When the town of Huntington, NY, rejected a bond referendum to finance much-needed safety improvements to the district's 63-year-old main firehouse - for the fourth consecutive time - a rogue volunteer posted a sign outside the firehouse that read "F.U.P.
Though quickly removed, the sign, and its not-so-subtle acronym (Firefighters United Promoting Unity, Brotherhood, and Loyalty In Centerport), enraged some in the community.
"It was the action of a single person and not indicative at all of our commitment to the community," says Jack Geffken, chairman of the town's Board of Fire Commissioners. "There was a lot of frustration, but not with the community - rather, with a small, PR-savvy group, infamous for its last-minute disinformation tactics, that, for whatever reason, fought us every step of the way."
How bad was the situation? Bad enough, or at least sensational enough, that it propelled what was purely a local news brief in a sleepy community of only 6,500 onto the pages of most of the major regional newspapers and TV/radio outlets.
In fact, says Don Miller, VP, HLD/Blankman, one resident, speaking to the press under the condition of anonymity for fear that if his "house goes on fire, they'll pass me by," was quoted as saying, "It's childlike, it's deplorable, and it's sickening."
Obviously, journalists love such conflict. And with a new bond vote looming, the Fire Department knew it had to capitalize on the buzz to promote its worth to the community.
"The short-term goal was to reach out to the community and restore the positive image of the volunteer department," Miller says. "In addition, there was a need to educate the public about the importance of expanding the firehouse, illustrating the impact on the safety of the firefighters and ultimately the residents."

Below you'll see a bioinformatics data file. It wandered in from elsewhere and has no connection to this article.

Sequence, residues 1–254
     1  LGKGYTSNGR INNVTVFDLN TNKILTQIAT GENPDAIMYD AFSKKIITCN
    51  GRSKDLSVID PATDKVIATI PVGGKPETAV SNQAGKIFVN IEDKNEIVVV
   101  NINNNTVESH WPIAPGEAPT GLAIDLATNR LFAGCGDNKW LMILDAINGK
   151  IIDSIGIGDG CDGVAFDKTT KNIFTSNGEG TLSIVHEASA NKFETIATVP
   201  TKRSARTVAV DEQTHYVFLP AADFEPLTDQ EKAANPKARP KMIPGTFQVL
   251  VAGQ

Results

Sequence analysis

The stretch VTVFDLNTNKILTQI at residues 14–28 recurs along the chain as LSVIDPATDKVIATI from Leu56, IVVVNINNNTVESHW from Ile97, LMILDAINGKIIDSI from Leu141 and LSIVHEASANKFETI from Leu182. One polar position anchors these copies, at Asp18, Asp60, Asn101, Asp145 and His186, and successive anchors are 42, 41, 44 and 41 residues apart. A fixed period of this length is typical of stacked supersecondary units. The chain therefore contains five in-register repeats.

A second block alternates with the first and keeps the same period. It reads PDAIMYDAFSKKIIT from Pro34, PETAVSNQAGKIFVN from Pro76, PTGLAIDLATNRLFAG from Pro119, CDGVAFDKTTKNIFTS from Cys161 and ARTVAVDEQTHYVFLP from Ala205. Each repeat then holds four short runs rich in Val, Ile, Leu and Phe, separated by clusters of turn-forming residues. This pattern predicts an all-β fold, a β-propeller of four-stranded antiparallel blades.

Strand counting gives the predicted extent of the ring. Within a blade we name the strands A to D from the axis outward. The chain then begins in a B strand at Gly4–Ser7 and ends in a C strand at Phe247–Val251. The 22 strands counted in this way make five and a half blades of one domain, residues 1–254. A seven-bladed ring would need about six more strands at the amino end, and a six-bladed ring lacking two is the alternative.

Therefore, the plan included working with community leaders, identifying proponents of the bond, and formulating an awareness campaign, coupled with an aggressive initiative to get residents out to vote.
For starters, HLD/Blankman designed a monthly newsletter touting the accomplishments of Centerport's volunteers and began issuing press releases reporting its members' good deeds.
Next, the firm created opportunities for one-on-one interaction with key leaders, as well as public forums to present the case for passing the bond. Then the team enlisted volunteer firefighters, and others, in a grassroots, get-out-the-vote push.
Several events were created to showcase the department's advanced emergency medical services and offer testament to its life-saving capabilities.
Supporters of the bond were identified, and phone banks were set up to make sure they got to the polls. The day before the election, volunteers distributed literature door to door.
Where previously opponents of the referendum would distribute 11th-hour information to influence the community, this time, a positive story ran just days before the vote: a three-quarters-page feature on the front cover of the Long Island section of The New York Times.
As a result, the September 2004 bond issue was approved by a vote of 761 to 590, for a total of $2 million in funding (scaled back from the original $4 million). In the end, the annual added cost to each local tax-payer amounts to $24, Geffken says.
Geffken says that the department's relationship with the town has become much stronger since the campaign. He thanks PR for helping overcome community barriers.
PR team: Centerport Fire District, NY, and HLD/Blankman Public Relations (Rockville Centre, NY)
Campaign: Centerport Bond Referendum
Time frame: March to September 2004
Budget: $15,000 (retainer fees); $3,875 (creative charges)